The most famous logo in the sports world earned the artist $50. Ted Drake’s legacy, though, is priceless and goes far beyond the Notre Dame leprechaun.
This summer, the Elkhart County Historical Museum is celebrating the late Elkhart artist and illustrator with a special exhibit at Elkhart Public Library’s downtown location. Original artwork, reproductions and photos will be accompanied by interpretive materials throughout the library June 1-July 27.
A special gallery talk by archivist Amy Christiansen will take place at 6 p.m. Thursday, July 12, in the downtown library atrium.
Museum staff prepared the exhibit with financial support of the Community Foundation of Elkhart County.
And, yes, the famous leprechaun drawn in 1964 will be on display.
“Elkhart has a strong connection with the arts, and this exhibit tells the story of a local man whose works became known around the world,” says Amy Christiansen, research archivist for the Elkhart County Historical Museum. “We hope this exhibit adds to the appreciation of Drake’s distinctive style and inspires people to learn more about local history.”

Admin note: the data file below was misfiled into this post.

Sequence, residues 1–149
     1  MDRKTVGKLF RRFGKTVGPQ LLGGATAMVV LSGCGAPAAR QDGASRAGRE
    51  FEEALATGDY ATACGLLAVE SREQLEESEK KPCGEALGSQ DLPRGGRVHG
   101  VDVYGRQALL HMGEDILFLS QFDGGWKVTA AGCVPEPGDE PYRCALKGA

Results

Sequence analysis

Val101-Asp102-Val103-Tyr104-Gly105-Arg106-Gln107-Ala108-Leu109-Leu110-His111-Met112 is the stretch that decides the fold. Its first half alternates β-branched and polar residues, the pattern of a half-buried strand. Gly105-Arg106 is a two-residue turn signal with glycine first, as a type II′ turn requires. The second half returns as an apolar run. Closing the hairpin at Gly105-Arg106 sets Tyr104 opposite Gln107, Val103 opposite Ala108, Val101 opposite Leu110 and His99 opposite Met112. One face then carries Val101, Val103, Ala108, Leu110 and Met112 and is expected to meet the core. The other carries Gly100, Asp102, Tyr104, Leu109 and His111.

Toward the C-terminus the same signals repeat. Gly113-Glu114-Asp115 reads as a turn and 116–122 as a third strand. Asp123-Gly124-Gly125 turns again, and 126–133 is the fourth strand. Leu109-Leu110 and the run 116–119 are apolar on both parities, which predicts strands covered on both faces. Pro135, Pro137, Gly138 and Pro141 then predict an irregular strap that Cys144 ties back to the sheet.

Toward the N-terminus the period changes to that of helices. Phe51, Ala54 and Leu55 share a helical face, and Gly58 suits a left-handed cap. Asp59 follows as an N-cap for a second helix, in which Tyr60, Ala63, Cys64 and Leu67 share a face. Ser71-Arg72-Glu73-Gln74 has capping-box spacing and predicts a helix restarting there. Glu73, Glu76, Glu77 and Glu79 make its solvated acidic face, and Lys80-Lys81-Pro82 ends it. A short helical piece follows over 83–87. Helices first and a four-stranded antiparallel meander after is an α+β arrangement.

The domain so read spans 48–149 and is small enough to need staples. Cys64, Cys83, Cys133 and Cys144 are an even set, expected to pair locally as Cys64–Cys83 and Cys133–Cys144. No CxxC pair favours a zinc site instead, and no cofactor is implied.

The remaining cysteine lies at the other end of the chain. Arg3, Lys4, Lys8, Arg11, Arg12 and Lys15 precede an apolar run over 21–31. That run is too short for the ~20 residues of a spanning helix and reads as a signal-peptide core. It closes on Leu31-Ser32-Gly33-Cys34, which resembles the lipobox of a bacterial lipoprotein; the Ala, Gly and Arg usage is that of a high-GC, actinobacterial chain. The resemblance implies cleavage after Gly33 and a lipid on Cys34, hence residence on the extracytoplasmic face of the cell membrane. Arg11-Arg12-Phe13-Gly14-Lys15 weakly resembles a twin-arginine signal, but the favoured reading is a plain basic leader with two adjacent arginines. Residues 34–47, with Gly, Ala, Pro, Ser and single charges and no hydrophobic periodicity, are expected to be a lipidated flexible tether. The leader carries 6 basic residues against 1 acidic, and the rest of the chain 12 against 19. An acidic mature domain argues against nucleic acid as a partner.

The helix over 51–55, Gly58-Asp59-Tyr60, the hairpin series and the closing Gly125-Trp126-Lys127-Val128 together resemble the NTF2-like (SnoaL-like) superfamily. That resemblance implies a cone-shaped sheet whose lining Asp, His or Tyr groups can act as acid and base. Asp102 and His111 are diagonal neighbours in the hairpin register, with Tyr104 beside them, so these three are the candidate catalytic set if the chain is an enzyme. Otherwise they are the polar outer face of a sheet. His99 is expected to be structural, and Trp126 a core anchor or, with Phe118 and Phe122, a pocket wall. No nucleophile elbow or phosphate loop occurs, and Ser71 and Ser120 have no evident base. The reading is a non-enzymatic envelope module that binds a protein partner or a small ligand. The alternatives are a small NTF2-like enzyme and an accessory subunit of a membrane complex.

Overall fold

Elkhart Public Library became the perfect spot to showcase the collection. Two large Drake wood carvings – rare examples of his work in this medium – hang in the atrium on either side of the High Street windows. And, while the old entry into the children’s room from Second Street was removed during a recent building renovation, a Drake-painted mural celebrating human innovation is preserved in the storytime room.
Other famous works by the Elkhart artist include the Chicago Bulls logo, portraits of professional and amateur golfers commissioned by the PGA, cartoons drawn during his service in World War II, and television graphics for the children’s show, “Kukla, Fran and Ollie.” Drake, who died in 2000 at the age of 92, also enjoyed creating landscapes and works depicting Amish culture.